To Joseph Banks
LS:8 British Library; AL (draft) and copy: Library of Congress
Passy, Sept. 9. 1782.
I have just received the very kind friendly Letter you were so good as to write to me by Dr. Bonssonnet [Broussonet].9 Be assured that I long earnestly for a Return of those peaceful Times, when I could sit down in sweet Society with my English philosophic Friends, communicating to each other new Discoveries, and proposing Improvements of old ones, all tending to extend the Power of Man over Matter, avert or diminish the Evils he is subject to, or augment the Number of his Enjoyments. Much more happy should I be thus employ’d in your most desirable Company, than in that of all the Grandees of the Earth projecting Plans of Mischief, however necessary they may be supposed for obtaining greater Good.
I am glad to learn by the Dr. that your great Work goes on. I admire your Magnanimity in the Undertaking, and the Perseverance with which you have prosecuted it.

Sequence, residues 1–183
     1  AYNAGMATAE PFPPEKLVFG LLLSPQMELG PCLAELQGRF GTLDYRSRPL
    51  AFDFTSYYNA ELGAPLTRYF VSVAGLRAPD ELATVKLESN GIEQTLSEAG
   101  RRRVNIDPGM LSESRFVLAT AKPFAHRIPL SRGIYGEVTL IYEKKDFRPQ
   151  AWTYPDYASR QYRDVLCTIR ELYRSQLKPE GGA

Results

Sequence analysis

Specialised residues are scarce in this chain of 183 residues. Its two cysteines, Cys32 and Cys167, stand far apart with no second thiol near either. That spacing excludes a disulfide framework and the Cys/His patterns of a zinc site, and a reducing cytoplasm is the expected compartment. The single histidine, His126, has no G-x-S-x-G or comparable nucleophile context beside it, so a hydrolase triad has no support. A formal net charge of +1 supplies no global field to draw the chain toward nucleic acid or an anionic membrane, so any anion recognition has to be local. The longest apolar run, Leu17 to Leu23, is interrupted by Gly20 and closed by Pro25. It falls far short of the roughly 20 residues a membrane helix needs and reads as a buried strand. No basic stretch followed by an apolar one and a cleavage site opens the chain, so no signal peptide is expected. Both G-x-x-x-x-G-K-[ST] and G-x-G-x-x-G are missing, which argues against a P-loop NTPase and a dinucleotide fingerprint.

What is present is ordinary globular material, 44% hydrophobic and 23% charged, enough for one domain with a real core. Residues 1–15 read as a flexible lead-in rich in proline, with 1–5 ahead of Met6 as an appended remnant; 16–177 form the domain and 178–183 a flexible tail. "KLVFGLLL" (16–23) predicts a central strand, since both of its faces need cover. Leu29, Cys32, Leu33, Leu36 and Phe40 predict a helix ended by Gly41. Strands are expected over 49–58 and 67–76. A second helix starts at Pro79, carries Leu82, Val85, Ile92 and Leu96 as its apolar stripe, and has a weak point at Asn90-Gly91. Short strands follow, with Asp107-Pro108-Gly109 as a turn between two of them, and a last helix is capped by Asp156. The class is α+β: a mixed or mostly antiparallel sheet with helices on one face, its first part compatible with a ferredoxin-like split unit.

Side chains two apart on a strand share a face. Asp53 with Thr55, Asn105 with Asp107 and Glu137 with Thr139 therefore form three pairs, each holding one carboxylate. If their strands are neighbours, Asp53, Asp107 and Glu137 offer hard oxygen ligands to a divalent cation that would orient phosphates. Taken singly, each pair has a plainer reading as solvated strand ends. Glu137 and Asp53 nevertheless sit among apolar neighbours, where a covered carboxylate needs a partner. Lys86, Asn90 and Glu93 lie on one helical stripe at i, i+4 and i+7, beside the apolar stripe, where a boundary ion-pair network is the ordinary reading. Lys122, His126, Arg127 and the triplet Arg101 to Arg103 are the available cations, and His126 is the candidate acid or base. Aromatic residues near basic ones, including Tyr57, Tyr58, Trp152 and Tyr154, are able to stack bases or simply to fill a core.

I join with you most perfectly in the charming Wish you so well express, “That such Measures may be taken by both Parties as may tend to the Elevation of both rather than the Destruction of either.” If anything has happen’d endangering one of them, my Comfort is that I endeavour’d earnestly to prevent it, and gave honest faithful Advice which if it had been regarded would have been effectual. And still if proper Means are us’d to produce not only a Peace but what is much more interesting, a thorough Reconciliation, a few Years may heal the Wounds that have been made in our Happiness, & produce a Degree of Prosperity of which at present we can hardly form a Conception.
With great & sincere Esteem & Respect, I am Dear Sir, Your most obedient & most humble Servant
Sir Joseph Banks.
8. In the hand of L’Air de Lamotte.
9. L’Air de Lamotte misread BF’s draft, which correctly spelled the name. Banks’s letter of recommendation for the French doctor and scientist is above, XXXVII, 716–17. We have silently corrected several other copying errors.